CHUNK 3:

  • He often required excessive and unnecessary closed-door meetings during which he pressed several of us to divulge deeply personal details about our lives, only to later use this information against us as a tool of manipulation.

  • He questioned whether an employee had actually attended her grandfather’s funeral after she had requested and taken the day off.

  • He has said about and to female students that they are “too emotional” and “immature.”

This is really problematic stuff in that a) it shows a gender bias and b) it infuses him into the private lives of his students and employees. The gender thing is already discussed above. The other one is something that is an issue because we have to draw lines as faculty and prevent ourselves from crossing them. I have always told newsroom students that I don’t care who you’re sleeping with or what you’re drinking or where you threw up last night. That’s none of my business. However, if I can’t get photos for the front page because my design editor was sleeping with the photo editor, but now they broke up and they’re not talking… OK, NOW I have to care.

I think logically that a lot of this stuff in chunks one and two wouldn’t be as horribly problematic if it weren’t for the first set of allegations (stuff on the harassment) and the last chunk of section two (getting involved in their business). Yes, this isn’t nice workplace behavior in those other two subsections, but I found out something once about stuff like this: There’s no law that prevents people from being an asshole at work.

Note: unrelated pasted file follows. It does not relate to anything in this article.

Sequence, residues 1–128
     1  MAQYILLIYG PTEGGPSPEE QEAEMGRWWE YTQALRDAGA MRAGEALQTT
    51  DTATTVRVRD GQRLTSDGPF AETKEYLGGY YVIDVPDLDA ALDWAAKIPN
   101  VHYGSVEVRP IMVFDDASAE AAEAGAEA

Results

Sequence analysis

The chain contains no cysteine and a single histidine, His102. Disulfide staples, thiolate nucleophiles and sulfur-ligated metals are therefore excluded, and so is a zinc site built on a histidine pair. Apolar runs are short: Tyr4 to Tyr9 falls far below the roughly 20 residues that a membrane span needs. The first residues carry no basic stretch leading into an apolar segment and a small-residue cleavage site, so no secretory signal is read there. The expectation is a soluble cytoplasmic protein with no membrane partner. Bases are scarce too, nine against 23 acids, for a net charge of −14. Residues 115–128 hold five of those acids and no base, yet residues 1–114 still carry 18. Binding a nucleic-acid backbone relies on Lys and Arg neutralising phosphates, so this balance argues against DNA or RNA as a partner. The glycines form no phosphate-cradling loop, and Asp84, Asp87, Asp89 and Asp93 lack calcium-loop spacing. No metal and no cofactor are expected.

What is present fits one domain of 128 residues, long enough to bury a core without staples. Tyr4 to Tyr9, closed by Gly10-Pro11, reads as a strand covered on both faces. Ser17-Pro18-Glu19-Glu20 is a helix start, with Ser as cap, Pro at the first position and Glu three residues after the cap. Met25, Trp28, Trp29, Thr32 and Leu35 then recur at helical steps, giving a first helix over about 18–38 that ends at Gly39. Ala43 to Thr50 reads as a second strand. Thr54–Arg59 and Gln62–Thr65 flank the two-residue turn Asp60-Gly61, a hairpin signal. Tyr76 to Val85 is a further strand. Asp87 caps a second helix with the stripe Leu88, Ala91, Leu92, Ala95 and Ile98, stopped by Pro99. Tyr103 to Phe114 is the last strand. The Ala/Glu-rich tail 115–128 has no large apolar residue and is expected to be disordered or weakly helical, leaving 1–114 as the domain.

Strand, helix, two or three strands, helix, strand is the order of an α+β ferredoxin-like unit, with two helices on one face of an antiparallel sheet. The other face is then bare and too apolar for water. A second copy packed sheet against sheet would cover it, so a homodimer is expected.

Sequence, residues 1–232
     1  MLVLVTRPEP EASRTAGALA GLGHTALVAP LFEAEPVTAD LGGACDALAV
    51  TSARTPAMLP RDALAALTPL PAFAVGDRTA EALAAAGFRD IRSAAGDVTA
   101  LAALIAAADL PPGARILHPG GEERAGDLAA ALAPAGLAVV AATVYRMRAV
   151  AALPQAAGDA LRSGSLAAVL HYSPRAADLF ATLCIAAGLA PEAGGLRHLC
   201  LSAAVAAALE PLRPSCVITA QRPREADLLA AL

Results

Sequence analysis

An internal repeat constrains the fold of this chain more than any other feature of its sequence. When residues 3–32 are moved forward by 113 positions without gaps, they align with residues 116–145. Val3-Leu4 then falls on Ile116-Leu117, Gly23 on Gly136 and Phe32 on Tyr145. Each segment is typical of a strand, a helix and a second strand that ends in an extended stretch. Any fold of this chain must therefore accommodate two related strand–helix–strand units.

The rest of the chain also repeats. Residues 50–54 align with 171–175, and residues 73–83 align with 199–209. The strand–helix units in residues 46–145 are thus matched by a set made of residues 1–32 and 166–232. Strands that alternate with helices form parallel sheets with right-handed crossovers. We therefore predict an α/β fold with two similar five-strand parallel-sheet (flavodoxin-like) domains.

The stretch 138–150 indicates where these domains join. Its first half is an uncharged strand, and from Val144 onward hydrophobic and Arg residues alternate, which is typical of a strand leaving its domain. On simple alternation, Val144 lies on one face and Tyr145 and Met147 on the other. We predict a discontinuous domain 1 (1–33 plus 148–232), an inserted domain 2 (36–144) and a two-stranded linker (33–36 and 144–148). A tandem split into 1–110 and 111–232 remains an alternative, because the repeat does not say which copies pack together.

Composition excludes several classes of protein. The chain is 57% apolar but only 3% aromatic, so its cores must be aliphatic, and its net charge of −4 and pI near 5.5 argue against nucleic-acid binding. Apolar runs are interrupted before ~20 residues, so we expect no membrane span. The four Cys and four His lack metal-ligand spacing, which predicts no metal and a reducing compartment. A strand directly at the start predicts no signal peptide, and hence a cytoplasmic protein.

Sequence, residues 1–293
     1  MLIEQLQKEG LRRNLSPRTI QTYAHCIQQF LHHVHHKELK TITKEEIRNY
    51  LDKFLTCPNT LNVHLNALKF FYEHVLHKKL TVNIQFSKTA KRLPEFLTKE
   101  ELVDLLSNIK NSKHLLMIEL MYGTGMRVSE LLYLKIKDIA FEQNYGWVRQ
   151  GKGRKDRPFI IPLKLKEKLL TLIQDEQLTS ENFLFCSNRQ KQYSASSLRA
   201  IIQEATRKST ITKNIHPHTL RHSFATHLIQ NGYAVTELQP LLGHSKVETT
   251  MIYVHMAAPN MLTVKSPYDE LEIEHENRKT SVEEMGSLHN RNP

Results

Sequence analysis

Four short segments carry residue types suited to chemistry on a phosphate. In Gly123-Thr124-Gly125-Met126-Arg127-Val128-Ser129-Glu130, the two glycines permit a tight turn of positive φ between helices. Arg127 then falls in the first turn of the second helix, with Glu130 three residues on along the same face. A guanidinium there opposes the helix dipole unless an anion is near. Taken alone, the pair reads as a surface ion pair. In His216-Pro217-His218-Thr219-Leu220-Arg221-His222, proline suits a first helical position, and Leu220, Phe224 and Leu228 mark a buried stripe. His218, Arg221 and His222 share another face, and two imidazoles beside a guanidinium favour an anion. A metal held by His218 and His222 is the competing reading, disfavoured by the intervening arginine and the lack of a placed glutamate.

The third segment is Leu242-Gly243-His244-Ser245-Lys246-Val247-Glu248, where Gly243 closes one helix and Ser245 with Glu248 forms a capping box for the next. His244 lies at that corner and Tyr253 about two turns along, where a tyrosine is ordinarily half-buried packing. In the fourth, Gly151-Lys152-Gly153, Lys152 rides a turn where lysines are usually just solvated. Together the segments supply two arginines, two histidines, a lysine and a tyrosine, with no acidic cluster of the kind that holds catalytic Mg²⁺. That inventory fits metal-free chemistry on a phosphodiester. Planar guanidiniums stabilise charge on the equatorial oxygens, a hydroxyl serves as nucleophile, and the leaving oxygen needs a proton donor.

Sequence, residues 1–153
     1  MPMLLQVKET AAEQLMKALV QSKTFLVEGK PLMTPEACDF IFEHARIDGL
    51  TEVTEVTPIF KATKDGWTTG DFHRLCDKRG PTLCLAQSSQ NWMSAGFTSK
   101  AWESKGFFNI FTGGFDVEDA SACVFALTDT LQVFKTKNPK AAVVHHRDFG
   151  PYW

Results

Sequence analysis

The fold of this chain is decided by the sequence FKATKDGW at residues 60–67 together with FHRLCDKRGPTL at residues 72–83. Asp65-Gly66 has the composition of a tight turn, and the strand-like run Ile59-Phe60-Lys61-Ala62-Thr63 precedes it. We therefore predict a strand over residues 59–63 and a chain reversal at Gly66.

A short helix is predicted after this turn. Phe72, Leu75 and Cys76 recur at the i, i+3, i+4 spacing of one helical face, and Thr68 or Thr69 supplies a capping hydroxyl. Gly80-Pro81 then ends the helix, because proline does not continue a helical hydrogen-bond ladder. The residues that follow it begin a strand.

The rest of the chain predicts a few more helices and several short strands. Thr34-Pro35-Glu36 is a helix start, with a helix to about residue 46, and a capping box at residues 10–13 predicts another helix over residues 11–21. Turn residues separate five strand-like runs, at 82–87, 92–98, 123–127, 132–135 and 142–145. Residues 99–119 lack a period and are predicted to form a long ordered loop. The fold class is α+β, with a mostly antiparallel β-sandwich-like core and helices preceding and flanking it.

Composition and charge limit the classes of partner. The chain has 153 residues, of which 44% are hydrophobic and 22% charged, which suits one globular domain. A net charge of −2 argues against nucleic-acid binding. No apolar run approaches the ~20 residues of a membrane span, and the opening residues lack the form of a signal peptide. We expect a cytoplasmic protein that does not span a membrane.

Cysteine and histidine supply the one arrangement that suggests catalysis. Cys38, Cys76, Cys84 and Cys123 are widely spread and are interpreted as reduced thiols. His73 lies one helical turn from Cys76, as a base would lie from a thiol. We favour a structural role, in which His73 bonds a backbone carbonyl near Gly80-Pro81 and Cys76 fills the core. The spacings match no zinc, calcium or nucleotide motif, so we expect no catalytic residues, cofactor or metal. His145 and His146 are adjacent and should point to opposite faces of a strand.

I had a long discussion with HR and with a harassment specialty lawyer when I was getting knocked around by a particularly shitty colleague in ways like those listed in the two  (non-sex stuff) chunks. I was told, “Look, this isn’t good and he shouldn’t be able to do this, but there is no law against him being a dick.” I wasn’t pleased with that answer, but I got it.

However, there ARE laws about getting your business into my private business. There ARE laws about keeping your fucking hands to yourself and not treating everyone like they’re a fuckdoll with a personality, installed at work for your amusement.

And those laws need to be enforced everywhere, including this situation.

There are always people like this.

Somehow, she thought this was OK.

Something, somewhere in her life convinced Harley Barber that it was OK to open her mouth and pour forth a river of vile, putrid, ignorant racism.